Metropolitan News-Enterprise


Wednesday, October 20, 2004


Page 1


Clerk Absenteeism High in Apparent Job Action, Court Says




The Los Angeles Superior Court operated with far fewer courtroom clerks than normal yesterday in what officials labeled an apparent job action.

There were no official figures available, but Assistant Judge William MacLaughlin said there appeared to be “in excess of 100 unanticipated absences” among the 750 or so clerks—officially designated as “judicial assistants.” About 600 of them are scheduled to work on any given day, a court spokesman said.

The absenteeism varied from courthouse to courthouse, MacLaughlin said, with about 31 clerks absent at the Stanley Mosk Courthouse downtown where MacLaughlin sits. The courts most affected, he said, appeared to be those in Van Nuys, San Fernando, Glendale, Burbank, and the West District, which includes the Santa Monica civil courts and the Airport Courthouse where criminal cases are heard.

Blake Case

The problem became apparent to a large crowd of reporters in Judge Darlene Schempp’s Van Nuys courtroom, where a motion to suppress in the Robert Blake murder case was heard. At one point, the judge had to swear in a witness while her clerk was attending to a matter in another courtroom, the court spokesman told the MetNews.

Similar measures were undertaken throughout the system, which MacLaughlin said was able to get through the day by responding to the absenteeism in various means.

“No courtroom went dark,” the assistant presiding judge said, as judges shifted clerks or calendars as needed. “I think there was a variety of responses,” MacLaughlin explained.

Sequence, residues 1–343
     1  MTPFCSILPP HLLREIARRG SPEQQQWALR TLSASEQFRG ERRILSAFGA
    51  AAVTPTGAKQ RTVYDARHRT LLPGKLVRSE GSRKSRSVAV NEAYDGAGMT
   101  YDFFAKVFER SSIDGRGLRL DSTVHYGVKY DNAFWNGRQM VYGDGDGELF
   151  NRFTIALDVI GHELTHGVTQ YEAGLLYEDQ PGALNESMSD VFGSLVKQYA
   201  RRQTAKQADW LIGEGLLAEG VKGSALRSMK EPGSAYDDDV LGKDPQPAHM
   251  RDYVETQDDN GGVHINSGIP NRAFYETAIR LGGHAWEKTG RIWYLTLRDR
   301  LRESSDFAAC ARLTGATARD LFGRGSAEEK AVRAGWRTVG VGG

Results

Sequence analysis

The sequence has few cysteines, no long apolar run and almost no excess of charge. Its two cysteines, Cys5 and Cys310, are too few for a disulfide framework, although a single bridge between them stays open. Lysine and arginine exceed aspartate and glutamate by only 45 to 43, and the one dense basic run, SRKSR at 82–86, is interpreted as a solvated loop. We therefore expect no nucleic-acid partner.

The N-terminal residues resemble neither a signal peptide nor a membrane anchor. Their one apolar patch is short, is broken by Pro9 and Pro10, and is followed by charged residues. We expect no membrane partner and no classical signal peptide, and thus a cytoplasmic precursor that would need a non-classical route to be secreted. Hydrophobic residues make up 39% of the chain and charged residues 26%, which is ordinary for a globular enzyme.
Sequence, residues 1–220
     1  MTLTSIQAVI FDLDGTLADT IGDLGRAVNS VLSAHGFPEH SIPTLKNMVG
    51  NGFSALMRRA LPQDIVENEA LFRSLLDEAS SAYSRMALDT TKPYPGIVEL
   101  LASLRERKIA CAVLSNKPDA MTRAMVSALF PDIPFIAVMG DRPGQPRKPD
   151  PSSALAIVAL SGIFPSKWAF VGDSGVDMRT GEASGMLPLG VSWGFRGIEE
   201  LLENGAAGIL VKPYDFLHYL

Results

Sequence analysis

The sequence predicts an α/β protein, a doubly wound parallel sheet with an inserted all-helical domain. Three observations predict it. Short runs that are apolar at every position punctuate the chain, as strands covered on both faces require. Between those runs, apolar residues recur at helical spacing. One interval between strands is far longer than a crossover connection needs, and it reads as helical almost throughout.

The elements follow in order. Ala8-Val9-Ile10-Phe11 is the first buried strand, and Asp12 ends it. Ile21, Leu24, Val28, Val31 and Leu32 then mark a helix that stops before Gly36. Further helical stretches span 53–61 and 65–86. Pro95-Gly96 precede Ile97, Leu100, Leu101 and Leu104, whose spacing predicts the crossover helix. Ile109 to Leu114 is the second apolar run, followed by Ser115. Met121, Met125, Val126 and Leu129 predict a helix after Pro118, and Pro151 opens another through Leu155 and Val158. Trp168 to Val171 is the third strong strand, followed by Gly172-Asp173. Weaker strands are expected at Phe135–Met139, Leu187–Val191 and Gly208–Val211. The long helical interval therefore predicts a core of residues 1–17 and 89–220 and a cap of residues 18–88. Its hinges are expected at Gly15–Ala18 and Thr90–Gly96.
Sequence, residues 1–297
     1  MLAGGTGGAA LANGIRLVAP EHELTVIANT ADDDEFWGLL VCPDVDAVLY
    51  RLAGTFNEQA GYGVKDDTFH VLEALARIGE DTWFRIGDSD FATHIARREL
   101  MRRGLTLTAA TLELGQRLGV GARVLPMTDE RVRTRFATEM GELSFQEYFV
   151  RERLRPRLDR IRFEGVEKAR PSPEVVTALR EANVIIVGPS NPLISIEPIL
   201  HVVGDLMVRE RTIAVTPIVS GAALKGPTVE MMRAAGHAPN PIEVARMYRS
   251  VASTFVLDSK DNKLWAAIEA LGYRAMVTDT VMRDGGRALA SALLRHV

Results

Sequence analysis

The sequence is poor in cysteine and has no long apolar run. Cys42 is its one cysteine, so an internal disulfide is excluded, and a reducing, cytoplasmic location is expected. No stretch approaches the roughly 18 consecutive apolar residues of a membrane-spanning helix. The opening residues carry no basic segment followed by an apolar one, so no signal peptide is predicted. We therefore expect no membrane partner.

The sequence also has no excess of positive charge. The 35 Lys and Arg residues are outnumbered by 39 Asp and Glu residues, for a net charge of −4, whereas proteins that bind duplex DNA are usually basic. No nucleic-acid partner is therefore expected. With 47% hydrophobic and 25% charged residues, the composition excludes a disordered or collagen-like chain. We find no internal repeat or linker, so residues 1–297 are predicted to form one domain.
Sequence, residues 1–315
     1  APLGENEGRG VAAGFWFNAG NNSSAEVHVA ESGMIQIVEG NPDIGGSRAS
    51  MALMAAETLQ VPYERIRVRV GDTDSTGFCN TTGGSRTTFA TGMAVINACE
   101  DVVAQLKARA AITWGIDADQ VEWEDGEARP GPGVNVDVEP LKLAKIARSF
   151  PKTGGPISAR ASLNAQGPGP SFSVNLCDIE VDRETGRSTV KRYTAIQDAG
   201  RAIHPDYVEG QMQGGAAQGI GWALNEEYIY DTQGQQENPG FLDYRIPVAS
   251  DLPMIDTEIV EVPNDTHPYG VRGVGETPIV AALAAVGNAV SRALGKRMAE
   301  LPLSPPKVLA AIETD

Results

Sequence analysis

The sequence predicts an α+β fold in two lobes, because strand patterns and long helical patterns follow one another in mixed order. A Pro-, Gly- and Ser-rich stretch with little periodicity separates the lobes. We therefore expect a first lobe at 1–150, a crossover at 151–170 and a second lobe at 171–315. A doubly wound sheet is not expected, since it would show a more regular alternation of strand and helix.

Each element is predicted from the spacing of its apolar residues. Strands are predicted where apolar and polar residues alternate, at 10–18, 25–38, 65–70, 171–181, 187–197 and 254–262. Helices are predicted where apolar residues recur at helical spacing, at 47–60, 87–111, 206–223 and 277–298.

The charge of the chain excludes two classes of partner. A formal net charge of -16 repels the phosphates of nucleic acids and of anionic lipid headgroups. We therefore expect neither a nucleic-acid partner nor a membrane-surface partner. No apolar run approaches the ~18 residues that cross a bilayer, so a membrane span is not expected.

The court had no advance notice of any job action, the judge explained, but was “aware of the possibility.” The court’s contract with the American Federation of State, County and Municipal Employees Local 575 expired March 31, and the court imposed its “last, best, and final offer” last month after mediation efforts failed.

It was not clear what role, if any, the union played in yesterday’s events. A call to a union spokesman was not returned.

Court spokesman Allan Parachini said that no disciplinary action will be taken regarding yesterday’s absences, but that employees would have pay docked if they continued to miss work without valid excuse. Other actions can be taken, as well, if the sickout continues, Parachini said, although he declined to elaborate.

Strike Threat

The union has previously engaged in informational picketing and threatened to strike—as it did under similar circumstances seven years ago—if the court does not improve on the “last, best” offer.

The union has cited salary, vacation scheduling and bonuses as the sticking points.

The union has said it wants a “me too” clause, which which would guarantee the clerks  receive treatment no less favorable than other unionized workers; wants  to retain the building-based vacation scheduling method described in the most recent contract, rather than have vacations scheduled according to operational division; and wants to increase the number of clerks qualifying for 5.5 percent bonuses.

Parachini said the court has offered all it can in light of its current budget situation. The vacation scheduling change, he has said in the past, is necessary to insure that an adequate number of clerks will be available each day.


Copyright 2004, Metropolitan News Company